Wells Fargo published its preliminary forecast for new issuer consumer ABS in 2014. The banks estimates that full-year volumes will land at $160 billion, about $5 billion less than what it expects  the 2013 year-end total and 7% below  the actual new-issue volume of $171.3 billion in 2012.

And the bank said that this level of issuance is to be the new normal since credit card and student loan ABS are likely to be permanently lower based on regulator and accounting changes affecting cards and the elimination of the Federal Family Education Loan Program.

“In the absence of stronger economic growth and an increase in the demand for consumer credit, consumer ABS issuance in the $160 billion to $170 billion range may be the new market equilibrium in the near term,” said analysts in the report.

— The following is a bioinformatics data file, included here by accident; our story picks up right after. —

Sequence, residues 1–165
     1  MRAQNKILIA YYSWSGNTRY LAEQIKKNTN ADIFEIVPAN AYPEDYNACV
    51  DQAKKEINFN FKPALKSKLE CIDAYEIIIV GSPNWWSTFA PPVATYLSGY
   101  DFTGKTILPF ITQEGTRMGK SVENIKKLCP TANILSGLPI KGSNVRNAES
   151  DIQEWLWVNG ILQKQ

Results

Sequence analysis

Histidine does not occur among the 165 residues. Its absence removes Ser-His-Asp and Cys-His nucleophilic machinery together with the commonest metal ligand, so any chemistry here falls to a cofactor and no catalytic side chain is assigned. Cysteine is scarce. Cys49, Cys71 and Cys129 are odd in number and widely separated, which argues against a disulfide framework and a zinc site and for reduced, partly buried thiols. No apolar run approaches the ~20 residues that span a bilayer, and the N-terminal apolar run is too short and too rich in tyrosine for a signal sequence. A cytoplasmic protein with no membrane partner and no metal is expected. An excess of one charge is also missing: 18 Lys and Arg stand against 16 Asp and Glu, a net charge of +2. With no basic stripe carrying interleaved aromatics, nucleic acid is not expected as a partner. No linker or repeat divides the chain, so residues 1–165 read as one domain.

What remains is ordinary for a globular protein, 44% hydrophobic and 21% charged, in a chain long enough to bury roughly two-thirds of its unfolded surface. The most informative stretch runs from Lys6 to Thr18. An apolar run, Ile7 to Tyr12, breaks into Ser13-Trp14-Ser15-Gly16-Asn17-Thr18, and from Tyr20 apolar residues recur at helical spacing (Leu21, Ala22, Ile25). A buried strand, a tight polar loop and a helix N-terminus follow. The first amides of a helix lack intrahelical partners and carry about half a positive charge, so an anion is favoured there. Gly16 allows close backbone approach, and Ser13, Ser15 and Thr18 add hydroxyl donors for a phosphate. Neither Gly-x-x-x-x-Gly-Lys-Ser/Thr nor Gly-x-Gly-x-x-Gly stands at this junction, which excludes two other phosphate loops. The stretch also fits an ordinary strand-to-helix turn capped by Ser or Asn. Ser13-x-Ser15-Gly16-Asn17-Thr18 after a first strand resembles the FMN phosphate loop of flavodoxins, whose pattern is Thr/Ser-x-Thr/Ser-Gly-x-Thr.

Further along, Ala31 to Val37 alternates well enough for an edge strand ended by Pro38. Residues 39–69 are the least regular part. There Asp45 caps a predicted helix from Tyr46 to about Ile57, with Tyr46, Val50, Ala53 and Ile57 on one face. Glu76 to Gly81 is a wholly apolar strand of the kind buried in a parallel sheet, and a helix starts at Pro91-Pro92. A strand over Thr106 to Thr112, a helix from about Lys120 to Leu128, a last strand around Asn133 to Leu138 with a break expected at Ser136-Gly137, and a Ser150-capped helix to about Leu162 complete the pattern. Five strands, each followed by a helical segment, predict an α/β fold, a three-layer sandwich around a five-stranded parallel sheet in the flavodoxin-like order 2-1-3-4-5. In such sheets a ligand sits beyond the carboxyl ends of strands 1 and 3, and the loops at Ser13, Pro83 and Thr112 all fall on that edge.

Consumer ABS issuance trended downward this year. Wells Fargo projected in Dec. 2012 that year-end total for 2013 would be $180 billion but the bank said that issuance is on track to reach just $165 billion.

“Issuance would need to total $47 billion for the remainder of this year to equal 2012,” said analysts in the report. “We believe it is unlikely to be achieved.”

Generally a normalization of issuance volumes is viewed as positive becasue it signals a market's maturity. In the case of consumer ABS volumes, growth has been limited because of a “weak economy, lack of credit demand and regulatory frictions,” explained bank analysts.



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